Our Own Work: The Necessary Obstinate Pursuit

by Jennifer Paros

My great mistake, the fault for which I can’t forgive myself, is that one day I ceased my obstinate pursuit of my own individuality.  

                                                                             -- Oscar Wilde

Illustration by Jennifer Paros - Copyright 2011

Illustration by Jennifer Paros - Copyright 2011

Over twenty-five years ago I was in a drawing class in which the professor declared, “I want to teach you how to sustain your own work.”  At the time, I didn’t even know I had my own work, but now, after years of following ideas and feelings towards new drawings and stories, I understand why this was so important. 

She didn’t want us left stuck looking around asking, “What should I draw next?” (“What should I write next?” or “What should I live next?”)  She wanted us to pay attention to an inner pull because in following that wanting, work and life would unfold with a sense of meaning and sustain us, in turn making it easier for us to sustain our efforts. Whatever we had made or lived wanted to become something else, and that energy could lead us if we let it.

Lately, I’ve had some conflicts with my twelve-year-old son.  As I work to observe more and press my will less, I see a person who must assert his point of view, who desperately wants his way seen as equally valid.  But as I indulge in judgment, thinking I know better, I am not acknowledging the equality that is inherently his.   Though I say he is equal, I am still wishing my ideas to reign over and lead his.   

Something in him calls out its evolution, and he needs to find out where it wants to go and what it wants to become.  And if he is absorbed in my way, he won’t be able to follow his own. Despite the fears I indulge, ultimately he is the one creating his life and must listen disproportionately more to himself than to anyone else. Otherwise he will never be able to sustain his work - which really means sustain his life – in a way that is meaningful to him. 

All the knowledge I possess everyone else can acquire, but my heart is exclusively my own.                                   

                                                         -- Johann Wolfgang Von Goethe 

When I taught private art lessons, I had a student, Jane, who had worked in the field of design and graphics.  She told me she couldn’t remember how to really draw any more.  Her mind was a storehouse of symbols of houses, trees, chairs, and people and when she drew, all that came forward were those symbols. She wanted the experience of seeing new, not synthesizing a library of once-learned forms.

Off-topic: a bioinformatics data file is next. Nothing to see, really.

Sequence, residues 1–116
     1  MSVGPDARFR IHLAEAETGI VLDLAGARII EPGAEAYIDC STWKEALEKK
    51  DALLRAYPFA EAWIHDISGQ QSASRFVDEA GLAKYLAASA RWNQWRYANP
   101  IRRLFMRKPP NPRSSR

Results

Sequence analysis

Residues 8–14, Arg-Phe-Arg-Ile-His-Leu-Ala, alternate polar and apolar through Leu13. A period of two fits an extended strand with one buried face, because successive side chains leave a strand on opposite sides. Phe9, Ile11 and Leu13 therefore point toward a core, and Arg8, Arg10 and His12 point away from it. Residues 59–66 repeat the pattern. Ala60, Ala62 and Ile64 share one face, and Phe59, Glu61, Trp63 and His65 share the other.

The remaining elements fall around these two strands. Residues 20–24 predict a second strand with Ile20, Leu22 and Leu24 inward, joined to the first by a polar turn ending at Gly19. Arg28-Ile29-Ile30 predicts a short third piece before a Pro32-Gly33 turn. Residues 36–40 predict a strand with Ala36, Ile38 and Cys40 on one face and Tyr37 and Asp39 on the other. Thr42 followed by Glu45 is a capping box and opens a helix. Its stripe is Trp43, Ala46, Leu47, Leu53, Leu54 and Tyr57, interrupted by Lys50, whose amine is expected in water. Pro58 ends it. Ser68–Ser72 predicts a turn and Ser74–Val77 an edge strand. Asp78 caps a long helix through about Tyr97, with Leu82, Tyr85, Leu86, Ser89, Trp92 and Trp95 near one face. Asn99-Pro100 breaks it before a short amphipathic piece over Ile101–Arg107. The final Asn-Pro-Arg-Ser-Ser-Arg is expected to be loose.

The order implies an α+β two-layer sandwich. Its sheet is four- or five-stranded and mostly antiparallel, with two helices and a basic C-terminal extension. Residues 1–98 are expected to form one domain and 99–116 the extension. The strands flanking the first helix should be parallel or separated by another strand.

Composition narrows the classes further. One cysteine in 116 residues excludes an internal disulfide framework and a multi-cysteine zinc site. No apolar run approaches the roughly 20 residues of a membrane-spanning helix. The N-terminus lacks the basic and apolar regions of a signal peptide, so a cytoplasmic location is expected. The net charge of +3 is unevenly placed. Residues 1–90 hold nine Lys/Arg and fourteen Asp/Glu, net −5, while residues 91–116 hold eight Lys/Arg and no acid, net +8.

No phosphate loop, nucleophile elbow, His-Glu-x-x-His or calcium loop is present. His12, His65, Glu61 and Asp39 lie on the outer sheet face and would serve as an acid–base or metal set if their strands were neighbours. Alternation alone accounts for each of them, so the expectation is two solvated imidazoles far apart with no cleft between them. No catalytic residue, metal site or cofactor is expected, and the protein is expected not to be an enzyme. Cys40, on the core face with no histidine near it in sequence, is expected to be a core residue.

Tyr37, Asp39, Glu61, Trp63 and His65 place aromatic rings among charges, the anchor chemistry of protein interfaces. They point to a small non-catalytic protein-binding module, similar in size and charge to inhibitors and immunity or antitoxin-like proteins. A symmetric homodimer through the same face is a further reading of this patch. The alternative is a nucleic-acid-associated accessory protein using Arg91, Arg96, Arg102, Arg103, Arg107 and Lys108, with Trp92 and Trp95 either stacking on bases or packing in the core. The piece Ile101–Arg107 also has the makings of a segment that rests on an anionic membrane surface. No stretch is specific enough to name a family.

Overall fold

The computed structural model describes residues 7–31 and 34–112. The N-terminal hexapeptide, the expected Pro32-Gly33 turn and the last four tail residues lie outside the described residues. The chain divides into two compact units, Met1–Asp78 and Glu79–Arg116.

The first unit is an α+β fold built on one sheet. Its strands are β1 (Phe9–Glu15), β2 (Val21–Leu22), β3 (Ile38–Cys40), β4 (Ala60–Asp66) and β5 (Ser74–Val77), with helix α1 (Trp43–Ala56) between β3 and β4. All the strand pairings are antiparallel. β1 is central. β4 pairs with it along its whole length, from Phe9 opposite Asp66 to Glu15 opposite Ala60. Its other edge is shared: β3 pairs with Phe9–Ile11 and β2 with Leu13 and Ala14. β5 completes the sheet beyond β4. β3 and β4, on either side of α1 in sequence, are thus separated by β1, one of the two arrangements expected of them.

I admired her skill, the cleanness of her lines, and actually the symbols too, but she resented them. They had become a jail to her: easy to do and technically “right” but disallowing of the discovery that results from seeing things as unknown and unlabeled. To see new, we must go to a place of not knowing.  If we come in knowing, we end up with only previously made ideas and forms. 

From now on, I’ll connect the dots my own way.

                                                                       -- Bill Watterson

For Jane, the convention of symbolic notations had served her well for a time.  She had become facile with working with these models.  I, on the other hand, rarely felt skilled at making things look the way I thought they were supposed to in my drawings.  I idealized the conventional as a way to get things “right”, wished to achieve it, yet never believed I could. 

My son tends to resent convention, pushing against decorum to a degree, protesting traditional rules and structure. Perhaps he’s frustrated that those ready-made structures and ideas appear to take up so much space and attention, seemingly holding the power to dictate his reality.  They’re all over the place, after all - and so are my opinions and everyone else’s.  And he knows, instinctively, that he’s got to remember himself.  So he yells in order to hear who he is over all of that. 

But like Jane and the rest of us, he doesn’t need to obliterate or fight against the ready-mades, the already-theres - the structures and forms previously in play - in order to see new.  He can find out what his own life wants to become next, as well as his work.  And all that takes is asking the question of himself and listening for the answer.  For it has nothing to do with being jailed by anything made or lived before, and everything to do with letting those previous creations inform, inspire, and lead him to his next move. 

Jennifer Paros is a writer, illustrator, and author of Violet Bing and the Grand House (Viking, 2007). She lives in Seattle. Please visit her website at www.jenniferparos.com.

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